…and of the lessor

Overall, in 2016, there were 4.3 million property lessors in Italy, down slightly from 2014. The average annual rent is about 10.3 thousand euros (from about 9.7 thousand euros in 2014). 42% of lessors (approximately 1.8 million) are between 51 and 70 years old; followed by lessors between 31 and 50 years old and over 70 years old (both categories are at 26%), while those under 30 years old account for 3% of the total.

Home taxation

Since 2016, the asset levy on real estate has been reduced by more than €4.5 billion, mainly due to the abolition of the Tasi on non-luxury main dwellings and other measures to ease the real estate levy.

In the 2007-2016 period, a total of 27.1 million interventions were carried out for the recovery of the building stock, for a total expenditure of approximately 115.9 billion euros and an average expenditure per intervention of 4.3 thousand euros. In particular, in tax year 2016, the buildings for which renovation work was declared were almost 1.5 million, with an average annual benefit (per building) of 465 euros.

In the 2013-2016 period, more than 195 thousand earthquake-proof interventions were carried out. The total amount of expenditure for this category of works is over 872 million euros and the average expenditure is about 4.4 thousand euros. In particular, in the years 2015-2016 the buildings for which earthquake-proofing interventions have been declared are over 33 thousand with an average annual tax benefit (per building) of 522 euros.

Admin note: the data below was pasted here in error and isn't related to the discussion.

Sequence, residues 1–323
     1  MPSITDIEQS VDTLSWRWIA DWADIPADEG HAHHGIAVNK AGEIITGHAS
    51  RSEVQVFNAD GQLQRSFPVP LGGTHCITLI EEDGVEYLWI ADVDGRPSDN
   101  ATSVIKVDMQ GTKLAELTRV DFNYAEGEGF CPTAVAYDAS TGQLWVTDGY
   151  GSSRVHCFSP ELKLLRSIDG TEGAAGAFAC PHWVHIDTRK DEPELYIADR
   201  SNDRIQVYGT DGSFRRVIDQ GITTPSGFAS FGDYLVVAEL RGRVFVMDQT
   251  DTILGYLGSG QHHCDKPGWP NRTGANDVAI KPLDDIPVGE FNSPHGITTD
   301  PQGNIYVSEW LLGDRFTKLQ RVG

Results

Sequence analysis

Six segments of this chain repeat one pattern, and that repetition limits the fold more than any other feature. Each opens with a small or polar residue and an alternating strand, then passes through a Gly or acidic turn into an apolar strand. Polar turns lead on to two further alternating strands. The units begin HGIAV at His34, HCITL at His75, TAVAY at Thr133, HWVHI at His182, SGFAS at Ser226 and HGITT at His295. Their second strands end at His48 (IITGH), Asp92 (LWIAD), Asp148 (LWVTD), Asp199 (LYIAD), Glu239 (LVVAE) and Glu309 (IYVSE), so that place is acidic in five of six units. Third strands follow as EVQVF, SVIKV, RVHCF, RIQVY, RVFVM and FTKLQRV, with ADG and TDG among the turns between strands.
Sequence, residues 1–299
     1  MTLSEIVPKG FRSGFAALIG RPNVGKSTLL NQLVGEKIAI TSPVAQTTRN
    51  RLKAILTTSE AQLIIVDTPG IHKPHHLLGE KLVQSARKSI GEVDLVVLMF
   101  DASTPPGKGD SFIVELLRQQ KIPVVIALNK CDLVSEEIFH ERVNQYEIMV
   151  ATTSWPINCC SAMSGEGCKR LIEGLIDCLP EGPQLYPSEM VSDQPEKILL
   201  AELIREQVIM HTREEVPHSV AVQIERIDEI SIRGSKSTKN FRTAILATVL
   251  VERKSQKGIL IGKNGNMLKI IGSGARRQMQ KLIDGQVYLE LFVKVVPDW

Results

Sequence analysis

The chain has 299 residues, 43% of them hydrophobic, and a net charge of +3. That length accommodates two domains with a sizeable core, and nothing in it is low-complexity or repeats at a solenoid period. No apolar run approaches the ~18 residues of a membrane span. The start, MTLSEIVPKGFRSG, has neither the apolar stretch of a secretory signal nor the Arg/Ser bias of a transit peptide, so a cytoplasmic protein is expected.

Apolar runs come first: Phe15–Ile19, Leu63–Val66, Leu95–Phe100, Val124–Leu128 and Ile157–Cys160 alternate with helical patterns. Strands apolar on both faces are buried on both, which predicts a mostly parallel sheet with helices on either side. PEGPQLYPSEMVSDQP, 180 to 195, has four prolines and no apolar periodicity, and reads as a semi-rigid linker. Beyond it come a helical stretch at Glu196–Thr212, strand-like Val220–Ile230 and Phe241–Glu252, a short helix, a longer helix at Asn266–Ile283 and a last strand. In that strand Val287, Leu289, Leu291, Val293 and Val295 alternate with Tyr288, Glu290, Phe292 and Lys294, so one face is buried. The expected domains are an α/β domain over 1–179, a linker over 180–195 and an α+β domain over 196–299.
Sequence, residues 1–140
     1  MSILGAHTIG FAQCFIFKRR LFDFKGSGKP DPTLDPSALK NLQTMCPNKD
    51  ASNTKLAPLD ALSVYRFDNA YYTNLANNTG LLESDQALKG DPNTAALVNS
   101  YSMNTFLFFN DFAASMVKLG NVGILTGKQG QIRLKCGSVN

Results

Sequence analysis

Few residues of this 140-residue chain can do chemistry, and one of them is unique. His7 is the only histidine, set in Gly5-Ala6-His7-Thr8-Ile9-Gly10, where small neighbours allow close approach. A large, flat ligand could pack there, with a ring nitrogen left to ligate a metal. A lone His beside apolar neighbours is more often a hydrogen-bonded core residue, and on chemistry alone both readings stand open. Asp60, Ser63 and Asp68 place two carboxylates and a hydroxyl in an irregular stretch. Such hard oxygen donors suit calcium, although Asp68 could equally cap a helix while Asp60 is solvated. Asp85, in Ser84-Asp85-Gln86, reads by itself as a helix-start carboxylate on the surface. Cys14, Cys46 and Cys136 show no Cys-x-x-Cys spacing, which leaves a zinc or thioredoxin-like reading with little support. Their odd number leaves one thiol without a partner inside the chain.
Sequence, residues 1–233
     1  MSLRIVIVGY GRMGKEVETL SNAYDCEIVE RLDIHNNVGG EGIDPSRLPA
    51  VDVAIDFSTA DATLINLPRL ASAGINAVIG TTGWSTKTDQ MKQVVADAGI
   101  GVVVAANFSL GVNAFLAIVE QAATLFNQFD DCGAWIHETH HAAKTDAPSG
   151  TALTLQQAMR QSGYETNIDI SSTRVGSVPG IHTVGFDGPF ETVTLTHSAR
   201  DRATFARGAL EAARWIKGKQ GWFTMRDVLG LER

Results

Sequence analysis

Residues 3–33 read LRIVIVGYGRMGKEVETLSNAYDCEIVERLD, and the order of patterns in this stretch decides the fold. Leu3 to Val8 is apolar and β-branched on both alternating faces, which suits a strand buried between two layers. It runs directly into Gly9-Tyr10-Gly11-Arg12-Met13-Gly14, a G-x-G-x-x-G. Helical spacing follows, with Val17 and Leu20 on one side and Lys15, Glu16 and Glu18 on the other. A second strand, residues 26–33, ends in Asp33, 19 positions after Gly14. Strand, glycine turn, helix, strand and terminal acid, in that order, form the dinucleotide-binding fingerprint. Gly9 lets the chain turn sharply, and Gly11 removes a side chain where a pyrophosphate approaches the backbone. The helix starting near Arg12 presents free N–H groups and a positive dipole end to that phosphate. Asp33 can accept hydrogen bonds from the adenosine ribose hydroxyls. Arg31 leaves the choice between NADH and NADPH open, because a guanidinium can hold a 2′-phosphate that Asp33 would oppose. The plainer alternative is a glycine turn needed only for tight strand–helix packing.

The transfer of real estate

In Italy, ownership rules are defined at national level by the Italian Civil Code. Property and cadastral registers are managed by the Inland Revenue, which in 2012 incorporated the pre-existing Land Registry.

Transferring a property in Italy is easier than in the rest of the European Union: for example, transferring a property from one private company to another is a relatively efficient process, requiring on average four procedures that can be completed within three weeks.

Compared to the average for EU member states, Italy requires one less procedure, as well as less time and costs. Moreover, Italian cities have reported positive results in the quality index of land administration, obtaining on average more than 25 points (out of a total of 30), two points more than the EU average and not far from the best practices recorded at a global level.